For a bit of context, a recent report examined Altered AI, a company that promises to enable developers to “create compelling, professional voice performances” with AI, without having to use human voice actors. According to the company, this technology allows developers to submit a recording of a line with the proper inflection, and the tech produces a performance to be used in the game.
Ninja Theory was among the developers listed as using the technology, prompting fears that their upcoming games will prioritise AI voice actors over actual flesh-and-blood humans.
Thankfully, the developer has explained that this is not the case – taking to Twitter to explain that it is using the tech for “placeholder content,” and that they would still be working with human voice actors for the final product.
“For clarity, we use this AI tech for placeholder content only to help us understand things like timing and placement in early phases of development,” said the developer. “We then collaborate with real actors whose performances are at the heart of bringing our stories to life.”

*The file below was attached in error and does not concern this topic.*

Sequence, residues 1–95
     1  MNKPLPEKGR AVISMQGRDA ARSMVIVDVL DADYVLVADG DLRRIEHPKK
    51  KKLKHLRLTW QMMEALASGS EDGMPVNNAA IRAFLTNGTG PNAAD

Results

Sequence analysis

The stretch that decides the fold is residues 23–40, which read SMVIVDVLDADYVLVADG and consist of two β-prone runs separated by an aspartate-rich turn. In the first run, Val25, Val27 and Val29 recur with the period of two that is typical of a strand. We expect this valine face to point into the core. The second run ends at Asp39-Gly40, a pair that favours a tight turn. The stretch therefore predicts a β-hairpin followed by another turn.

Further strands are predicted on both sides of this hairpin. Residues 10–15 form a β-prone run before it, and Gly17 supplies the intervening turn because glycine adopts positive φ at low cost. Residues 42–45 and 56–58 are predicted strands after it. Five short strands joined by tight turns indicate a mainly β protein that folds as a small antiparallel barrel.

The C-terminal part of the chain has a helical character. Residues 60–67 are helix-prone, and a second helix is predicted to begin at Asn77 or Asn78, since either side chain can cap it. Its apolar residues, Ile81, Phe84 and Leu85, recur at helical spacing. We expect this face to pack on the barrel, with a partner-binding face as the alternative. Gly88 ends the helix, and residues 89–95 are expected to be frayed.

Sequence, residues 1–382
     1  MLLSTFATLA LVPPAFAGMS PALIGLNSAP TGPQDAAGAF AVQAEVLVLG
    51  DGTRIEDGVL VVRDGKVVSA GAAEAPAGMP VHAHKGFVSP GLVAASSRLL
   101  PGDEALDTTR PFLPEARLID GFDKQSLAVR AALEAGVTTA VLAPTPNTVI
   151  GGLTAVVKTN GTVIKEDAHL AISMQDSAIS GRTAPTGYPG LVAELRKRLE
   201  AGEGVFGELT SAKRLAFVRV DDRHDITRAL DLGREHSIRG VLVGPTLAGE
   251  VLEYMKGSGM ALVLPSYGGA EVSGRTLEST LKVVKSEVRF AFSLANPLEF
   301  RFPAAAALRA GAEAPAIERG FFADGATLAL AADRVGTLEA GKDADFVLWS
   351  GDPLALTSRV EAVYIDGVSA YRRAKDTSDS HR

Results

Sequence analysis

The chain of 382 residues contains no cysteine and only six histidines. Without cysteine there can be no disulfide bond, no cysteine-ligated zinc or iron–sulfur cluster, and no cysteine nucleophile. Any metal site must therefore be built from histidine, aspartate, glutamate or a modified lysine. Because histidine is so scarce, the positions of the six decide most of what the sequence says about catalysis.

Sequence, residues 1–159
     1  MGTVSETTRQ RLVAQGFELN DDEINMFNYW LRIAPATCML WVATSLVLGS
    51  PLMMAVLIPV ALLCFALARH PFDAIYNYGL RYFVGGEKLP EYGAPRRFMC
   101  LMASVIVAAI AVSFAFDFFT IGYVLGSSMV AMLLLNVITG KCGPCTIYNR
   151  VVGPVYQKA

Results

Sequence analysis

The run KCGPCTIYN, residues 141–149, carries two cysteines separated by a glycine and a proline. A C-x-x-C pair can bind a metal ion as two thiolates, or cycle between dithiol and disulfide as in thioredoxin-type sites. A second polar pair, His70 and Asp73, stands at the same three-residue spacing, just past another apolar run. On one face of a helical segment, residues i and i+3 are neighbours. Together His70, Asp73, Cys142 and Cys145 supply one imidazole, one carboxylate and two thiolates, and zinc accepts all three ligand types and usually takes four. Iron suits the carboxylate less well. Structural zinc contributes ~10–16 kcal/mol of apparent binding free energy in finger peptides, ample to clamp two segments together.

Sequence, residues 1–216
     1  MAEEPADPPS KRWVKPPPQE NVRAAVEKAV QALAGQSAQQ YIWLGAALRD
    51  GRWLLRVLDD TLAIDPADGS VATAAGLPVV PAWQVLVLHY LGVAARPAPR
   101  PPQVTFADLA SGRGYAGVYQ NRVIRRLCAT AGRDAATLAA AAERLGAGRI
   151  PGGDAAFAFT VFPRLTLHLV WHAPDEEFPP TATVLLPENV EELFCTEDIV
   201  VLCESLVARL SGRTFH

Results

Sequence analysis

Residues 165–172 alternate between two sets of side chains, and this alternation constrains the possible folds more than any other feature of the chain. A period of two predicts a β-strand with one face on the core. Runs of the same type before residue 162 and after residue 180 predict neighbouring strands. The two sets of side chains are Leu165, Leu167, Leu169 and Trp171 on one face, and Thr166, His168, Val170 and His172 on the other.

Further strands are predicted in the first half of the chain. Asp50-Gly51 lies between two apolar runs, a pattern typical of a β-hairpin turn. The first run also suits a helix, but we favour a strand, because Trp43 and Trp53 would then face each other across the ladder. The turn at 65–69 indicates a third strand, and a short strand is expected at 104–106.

It’s certainly good news, as automated voice acting becomes more popular in the entertainment industry. Perhaps the most recent high-profile example of this is Luke Skywalker’s appearance in The Mandalorian, as series creator Jon Favreau revealed that technology was used to replicate actor Mark Hamill’s voice.
It remains to be seen how this technology might affect the games industry. While using it for placeholder assets certainly seems like a harmless benefit for developers, voice actors are sure to be concerned that the technology could be used to put them out of work.
Elsewhere in gaming, ‘Return to Monkey Island’ features a cameo from Naughty Dog’s Neil Druckmann, the latest in an affectionate back and forth between the developers.
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